The engine nacelles on the Mosquito are one of the few components that made from metal. I would have liked to see HK add some more surface rivet detail here. 
Like all aircraft with water-cooled inline engines, the Mosquito had large radiators installed. De Havilland made the clever decision to mount these in the inboard wing leading edges. Air flow could be controlled by the pilot via positionable doors on the underside of the wing behind the radiator itself. The inside of the main wheel well is home (unfortunately) to a myriad of ejection pin marks. Due to the ribbing found in these parts the removal of these marks is quite tricky. This is a common challenge for aircraft modellers and so HK should not be marked down too harshly for this.

Sprue K
A rather simple sprue that houses most of the leading edges of the internal control surfaces. Nothing much to see here...
Sprue L
To accommodate the large 4000lb Cookie bomb in the Mosquito larger ‘bulged doors had to be fitted and enlarged fairings (forward and aft) of the bomb bay.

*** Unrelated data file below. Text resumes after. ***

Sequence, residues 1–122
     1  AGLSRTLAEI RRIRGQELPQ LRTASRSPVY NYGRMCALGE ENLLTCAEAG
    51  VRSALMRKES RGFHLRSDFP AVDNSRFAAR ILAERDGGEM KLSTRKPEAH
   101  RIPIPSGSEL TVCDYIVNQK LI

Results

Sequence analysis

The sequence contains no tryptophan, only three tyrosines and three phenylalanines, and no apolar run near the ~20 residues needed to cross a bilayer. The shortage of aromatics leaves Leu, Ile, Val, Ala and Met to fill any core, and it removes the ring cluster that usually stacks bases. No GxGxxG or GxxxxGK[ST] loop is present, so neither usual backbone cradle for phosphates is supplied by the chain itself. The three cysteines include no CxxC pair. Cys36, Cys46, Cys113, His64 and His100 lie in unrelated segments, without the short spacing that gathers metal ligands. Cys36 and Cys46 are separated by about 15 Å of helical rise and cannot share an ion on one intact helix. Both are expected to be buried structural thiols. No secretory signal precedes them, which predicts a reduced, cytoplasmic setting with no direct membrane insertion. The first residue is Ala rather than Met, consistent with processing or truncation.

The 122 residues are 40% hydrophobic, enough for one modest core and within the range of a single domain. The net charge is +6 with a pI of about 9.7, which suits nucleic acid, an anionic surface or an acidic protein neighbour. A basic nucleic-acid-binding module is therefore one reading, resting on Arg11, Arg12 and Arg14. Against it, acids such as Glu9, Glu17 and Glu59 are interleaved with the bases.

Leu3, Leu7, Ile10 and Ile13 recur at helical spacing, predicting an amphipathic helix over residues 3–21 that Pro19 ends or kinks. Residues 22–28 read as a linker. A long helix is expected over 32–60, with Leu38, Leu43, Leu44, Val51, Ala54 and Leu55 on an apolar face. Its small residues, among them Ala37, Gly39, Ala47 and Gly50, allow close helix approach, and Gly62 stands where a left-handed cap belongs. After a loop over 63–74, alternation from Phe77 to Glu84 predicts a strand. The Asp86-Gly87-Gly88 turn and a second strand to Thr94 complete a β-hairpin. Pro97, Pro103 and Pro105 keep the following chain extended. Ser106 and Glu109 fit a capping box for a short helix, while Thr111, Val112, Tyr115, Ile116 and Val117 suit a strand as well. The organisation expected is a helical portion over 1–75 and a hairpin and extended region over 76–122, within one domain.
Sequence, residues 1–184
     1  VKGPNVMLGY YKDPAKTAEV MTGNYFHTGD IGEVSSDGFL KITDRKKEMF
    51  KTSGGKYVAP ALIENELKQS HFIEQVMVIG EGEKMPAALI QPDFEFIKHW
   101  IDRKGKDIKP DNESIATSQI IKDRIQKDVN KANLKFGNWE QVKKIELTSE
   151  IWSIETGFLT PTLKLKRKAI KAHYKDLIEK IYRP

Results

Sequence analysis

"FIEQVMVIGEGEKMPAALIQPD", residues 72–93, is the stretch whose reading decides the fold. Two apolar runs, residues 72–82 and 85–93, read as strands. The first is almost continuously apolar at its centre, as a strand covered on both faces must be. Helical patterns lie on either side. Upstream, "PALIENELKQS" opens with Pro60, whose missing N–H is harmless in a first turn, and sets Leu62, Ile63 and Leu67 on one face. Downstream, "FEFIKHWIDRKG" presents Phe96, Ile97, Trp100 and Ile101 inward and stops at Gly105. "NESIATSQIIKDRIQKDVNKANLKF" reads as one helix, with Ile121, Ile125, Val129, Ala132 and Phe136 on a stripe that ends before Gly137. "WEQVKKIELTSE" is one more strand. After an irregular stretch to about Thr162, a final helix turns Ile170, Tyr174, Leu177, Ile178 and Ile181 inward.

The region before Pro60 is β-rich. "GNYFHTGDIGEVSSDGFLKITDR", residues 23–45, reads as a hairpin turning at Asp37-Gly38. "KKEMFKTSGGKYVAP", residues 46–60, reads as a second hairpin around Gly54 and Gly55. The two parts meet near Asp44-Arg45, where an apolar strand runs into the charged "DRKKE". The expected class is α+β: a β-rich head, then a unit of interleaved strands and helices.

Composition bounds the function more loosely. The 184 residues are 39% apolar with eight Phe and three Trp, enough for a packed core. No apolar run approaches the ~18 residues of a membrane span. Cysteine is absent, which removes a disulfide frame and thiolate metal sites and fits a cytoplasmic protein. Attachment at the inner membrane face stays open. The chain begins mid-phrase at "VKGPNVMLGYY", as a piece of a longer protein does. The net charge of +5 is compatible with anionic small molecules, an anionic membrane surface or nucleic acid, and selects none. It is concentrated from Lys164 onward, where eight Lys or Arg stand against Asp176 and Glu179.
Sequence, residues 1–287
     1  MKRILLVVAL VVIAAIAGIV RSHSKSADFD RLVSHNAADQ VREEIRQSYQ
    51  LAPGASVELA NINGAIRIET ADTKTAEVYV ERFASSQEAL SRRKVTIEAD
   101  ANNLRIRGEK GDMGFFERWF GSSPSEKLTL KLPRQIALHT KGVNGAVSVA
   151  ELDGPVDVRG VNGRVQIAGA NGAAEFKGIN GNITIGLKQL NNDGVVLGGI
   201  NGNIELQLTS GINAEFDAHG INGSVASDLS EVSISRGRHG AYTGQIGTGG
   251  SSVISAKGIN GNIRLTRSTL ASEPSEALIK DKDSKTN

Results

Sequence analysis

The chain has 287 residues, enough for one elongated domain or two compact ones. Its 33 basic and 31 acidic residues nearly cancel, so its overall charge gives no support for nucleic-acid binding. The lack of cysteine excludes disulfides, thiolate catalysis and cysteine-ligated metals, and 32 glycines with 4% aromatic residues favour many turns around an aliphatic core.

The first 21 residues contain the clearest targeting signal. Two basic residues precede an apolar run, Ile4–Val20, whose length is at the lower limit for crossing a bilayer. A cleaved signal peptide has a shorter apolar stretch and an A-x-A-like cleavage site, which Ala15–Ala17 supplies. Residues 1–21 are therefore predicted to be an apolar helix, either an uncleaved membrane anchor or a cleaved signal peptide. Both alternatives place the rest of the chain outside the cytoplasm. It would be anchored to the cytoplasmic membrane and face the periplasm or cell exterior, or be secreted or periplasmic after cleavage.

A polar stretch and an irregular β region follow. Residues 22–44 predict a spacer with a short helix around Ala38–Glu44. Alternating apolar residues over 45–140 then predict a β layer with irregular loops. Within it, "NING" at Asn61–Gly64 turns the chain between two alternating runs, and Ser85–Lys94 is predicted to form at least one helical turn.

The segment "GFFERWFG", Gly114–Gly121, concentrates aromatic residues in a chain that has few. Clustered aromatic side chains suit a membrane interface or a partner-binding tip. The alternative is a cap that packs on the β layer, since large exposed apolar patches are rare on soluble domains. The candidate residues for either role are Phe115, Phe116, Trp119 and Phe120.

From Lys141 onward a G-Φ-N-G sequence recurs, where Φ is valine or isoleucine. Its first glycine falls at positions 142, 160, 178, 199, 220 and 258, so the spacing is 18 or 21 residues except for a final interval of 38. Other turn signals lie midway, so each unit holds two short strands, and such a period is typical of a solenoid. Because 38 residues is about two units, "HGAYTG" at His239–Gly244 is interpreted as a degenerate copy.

These are curved nicely and in the instructions, you can see how they curve and the metal latch detail on them

The small curve is for the rear trailing edge of the Bombay and t sits flush on the belly of the kit, Like I said earlier no surgery needed here.

Sprue M

You can see here both sides of Sprue M as there is detail on both of them that is important. The cockpit side wall insets, the interior framing of the canopy, the fuel tanks from the bomb bay, wingtip inserts and details like the control yoke and crew access door are all on this runner.

Sprue M is a bit of a catch-all sprue. The cockpit ‘module’ sidewalls are here as are the main fuselage fuel cells and bomb bay bulkheads. The main canopy interior framing is provided as a single piece which provides a solid attachment point for the array of clear part options. Here it is so you can see the reverse side detail.
The internal fuel tanks in the bomb bay are present on this sprue with the metal straps which secure them in there, the piping between the tanks also, the only thing missing in comparison tot he photo below is an opening to drain the fuel.